John Mew

Born in 1928, Dr John Mew was a dentist by trade, but has managed to a number of remarkable careers into his spare time.

Starting out with a Matchless motorcycle (and volunteering himself as a despatch rider for the Defence Services), and quickly progressing to an old Lagonda, John found himself soon learning the skills of repair work. That led him to building his own Mercury-engined sports car. in the early 1950s. Soon after, as a member of the Tunbridge Wells Motor Club, he was organising sprints at Brands Hatch and competing in said Special.

It was in late 1957 that John decided to progress into Formula III. Buying George Wicken’s Cooper Mk IX and installing a JAP engine, he entered the October finale and December Boxing Day Meetings.

The plan for 1958 covered all the Brands Hatch events (Mew being based in Sussex) plus the Commander Yorke, and a trip to Goodwood in September. Results were coming, with a 4th place in a JAP race 20th April, and another fourth 18th May, this time in a Junior Race against several Norton-engined cars. Progress continued, despite retaining the JAP engine. Most races were now against the leading professional drivers like Jack Pitcher and Don Parker, who still had a distinct advantage even when running on petrol. A fourth at the Brands Hatch March opener, a sixth at Snetterton in April and a fifth at Brands in July were amongst the better results, and a podium at Mallory Park was just reward. But his most notable drive was to 6th place in the Commander Yorke Trophy, and easily best JAP driver. In their report, Motor Racing magazine praised John, saying “Were the JAP Championship still in existence, John would certainly have walked away with it this year, and it seems that here is another driver who, with the right car, would be up amongst the leaders.”

On the grid at Brands, 4th October 1958

John’s 500 career ended at the Brands Hatch Boxing Day Meeting of 1959, as he planned a move to Juniors, but he would become associated with the season-closer again. He ran a Lotus 18, then 20, first in Europe, but then joining the Continental Tour that was becoming popular with British prize drivers. His racing highlight came at Monza. Scraping into the final qualifying place (30th, of 90 entries) a late idea to change gearing led to some fairly frantic work, utterly scuppered when a bolt was dropped into the open box. As the 15-minute klaxon called drivers to Assembly, John hit upon the only option – recruiting strong arms, they tipped the entire car upside down until the offending bolt fell back out (a trick we haven’t seen recently, but it worth filing away!). Suitably fired up, John fought through the field to pick up some decent prize money, and was summoned to meet Fangio who had waved the flag and wanted to meet this Englishman.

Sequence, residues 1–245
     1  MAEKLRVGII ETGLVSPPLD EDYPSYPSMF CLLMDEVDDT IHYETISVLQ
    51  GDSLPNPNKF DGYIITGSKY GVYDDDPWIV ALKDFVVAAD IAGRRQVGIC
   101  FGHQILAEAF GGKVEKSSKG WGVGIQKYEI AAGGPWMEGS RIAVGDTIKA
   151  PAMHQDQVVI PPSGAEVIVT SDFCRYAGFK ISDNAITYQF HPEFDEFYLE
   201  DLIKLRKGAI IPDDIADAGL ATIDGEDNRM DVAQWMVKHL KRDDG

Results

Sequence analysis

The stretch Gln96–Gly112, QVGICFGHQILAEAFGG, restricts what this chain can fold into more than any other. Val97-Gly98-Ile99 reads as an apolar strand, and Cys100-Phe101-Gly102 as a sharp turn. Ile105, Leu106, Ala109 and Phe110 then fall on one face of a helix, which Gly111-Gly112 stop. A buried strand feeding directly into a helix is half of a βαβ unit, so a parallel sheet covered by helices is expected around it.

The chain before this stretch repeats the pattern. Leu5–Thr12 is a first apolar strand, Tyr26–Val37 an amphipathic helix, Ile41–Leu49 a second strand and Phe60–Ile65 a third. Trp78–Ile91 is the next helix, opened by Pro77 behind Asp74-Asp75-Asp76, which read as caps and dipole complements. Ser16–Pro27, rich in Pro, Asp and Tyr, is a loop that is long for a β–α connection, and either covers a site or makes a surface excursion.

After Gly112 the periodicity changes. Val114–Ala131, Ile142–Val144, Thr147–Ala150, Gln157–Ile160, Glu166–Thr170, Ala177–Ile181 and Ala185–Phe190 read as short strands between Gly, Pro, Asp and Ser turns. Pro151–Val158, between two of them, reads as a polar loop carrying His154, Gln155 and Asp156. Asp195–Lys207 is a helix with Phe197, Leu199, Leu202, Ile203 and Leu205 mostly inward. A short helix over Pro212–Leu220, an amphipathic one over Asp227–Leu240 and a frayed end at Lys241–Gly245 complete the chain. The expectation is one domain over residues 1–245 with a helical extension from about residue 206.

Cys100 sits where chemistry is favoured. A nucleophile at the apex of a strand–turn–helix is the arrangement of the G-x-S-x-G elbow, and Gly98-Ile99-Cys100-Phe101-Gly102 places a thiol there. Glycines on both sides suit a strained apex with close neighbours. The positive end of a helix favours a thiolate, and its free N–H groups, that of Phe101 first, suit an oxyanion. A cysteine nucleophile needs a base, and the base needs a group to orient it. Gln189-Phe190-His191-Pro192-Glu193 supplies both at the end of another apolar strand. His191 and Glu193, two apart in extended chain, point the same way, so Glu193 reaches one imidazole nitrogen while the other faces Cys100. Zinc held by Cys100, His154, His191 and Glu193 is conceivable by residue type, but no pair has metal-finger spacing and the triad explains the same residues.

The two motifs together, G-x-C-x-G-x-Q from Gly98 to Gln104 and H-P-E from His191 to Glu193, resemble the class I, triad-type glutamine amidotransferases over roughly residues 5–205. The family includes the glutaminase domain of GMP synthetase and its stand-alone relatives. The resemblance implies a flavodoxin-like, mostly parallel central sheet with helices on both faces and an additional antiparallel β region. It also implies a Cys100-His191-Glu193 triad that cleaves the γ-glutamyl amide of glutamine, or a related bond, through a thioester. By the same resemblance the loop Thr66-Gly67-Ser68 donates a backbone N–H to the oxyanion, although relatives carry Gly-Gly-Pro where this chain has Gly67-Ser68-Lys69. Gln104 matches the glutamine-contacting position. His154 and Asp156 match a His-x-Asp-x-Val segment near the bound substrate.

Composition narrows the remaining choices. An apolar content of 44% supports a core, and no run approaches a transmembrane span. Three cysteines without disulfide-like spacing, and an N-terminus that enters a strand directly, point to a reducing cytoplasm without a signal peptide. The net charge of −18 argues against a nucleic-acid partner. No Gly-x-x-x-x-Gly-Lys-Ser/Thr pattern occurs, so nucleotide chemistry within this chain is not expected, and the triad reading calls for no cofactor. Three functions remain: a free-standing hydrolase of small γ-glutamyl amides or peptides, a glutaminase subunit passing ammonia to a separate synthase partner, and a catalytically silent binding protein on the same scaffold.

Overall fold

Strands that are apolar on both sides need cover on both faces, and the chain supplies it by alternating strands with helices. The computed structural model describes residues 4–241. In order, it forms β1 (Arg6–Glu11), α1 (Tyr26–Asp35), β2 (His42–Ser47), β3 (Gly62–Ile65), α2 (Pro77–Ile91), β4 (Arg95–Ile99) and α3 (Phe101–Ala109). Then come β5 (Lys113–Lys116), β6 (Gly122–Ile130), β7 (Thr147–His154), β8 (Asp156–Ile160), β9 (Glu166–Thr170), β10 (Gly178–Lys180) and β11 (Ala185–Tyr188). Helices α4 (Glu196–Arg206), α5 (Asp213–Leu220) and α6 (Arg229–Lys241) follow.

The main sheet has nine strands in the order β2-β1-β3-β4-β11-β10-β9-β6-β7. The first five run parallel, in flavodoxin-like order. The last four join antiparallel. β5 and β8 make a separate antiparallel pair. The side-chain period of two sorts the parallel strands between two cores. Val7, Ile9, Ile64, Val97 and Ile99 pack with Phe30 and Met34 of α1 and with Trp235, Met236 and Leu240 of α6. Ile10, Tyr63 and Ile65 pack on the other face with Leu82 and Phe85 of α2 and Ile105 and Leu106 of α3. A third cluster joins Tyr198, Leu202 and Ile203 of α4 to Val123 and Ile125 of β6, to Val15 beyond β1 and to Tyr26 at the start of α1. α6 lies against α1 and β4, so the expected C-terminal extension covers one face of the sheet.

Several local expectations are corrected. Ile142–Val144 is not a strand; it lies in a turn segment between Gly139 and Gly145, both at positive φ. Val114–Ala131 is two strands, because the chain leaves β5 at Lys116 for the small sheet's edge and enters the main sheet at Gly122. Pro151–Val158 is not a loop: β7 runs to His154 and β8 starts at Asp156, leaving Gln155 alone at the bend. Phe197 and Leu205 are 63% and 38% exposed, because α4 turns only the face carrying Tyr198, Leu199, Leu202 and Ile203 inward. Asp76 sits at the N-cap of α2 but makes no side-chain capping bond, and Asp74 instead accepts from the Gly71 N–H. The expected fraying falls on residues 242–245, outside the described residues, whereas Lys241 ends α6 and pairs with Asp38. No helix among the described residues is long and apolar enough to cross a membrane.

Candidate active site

John's known results:

Brands Hatch 20th April 1958, 4th in JAP race

Brands Hatch 18th May 1958, 4th in junior race

 

Brands Hatch 28th March 1959 World Sports Trophy, 3rd in heat, 4th in final

Snetterton 19th April 1959, 6th

Brands Hatch 12th July 1959, 4th in heat, 5th in final

Silverstone 8th August 1959 Commander Yorke Trophy, 6th & 1st JAP

Crystal Palace 22nd August 1959, 7th

Mallory Park 19th September 1959, 3rd

Back in the UK, the BRSCC asked John to dress up as Santa for the Boxing Day Meeting. Santa came better equipped this year, his Lotus 20 gaining antlers and a barrel of brandy for a couple of laps. John would perform this role for a few more years.

By 1963, John was restricting himself to racing in the UK. The 20 was replaced with a 22, and plan was hatched to drop a 1500cc Climax motor in and enter the British Grand Prix. That though was scuppered when the motor was destroyed in testing. John would wind down his racing over the next few years, and a huge Formula Libre accident in 1968 finally nudged him towards a family life.

John was also a keen sailor, being selected for the 1958 Americas Cup British crew (although ultimately not participating) and in 1974 taking second place in the World Championship Anniversary race at Cowes. He built himself a Braylsham Castle in East Sussex, a genuine reproduction castle on an island, in which he and his wife still live. If you pity her, remember that she bought him the JCB as a birthday present that he used to dig the moat. John’s professional life has been no less un-normal. He developed an alternative from of orthodontics that claims to avoid traditional surgery, but which has brought him into repeated conflict with professional bodies and the GDC

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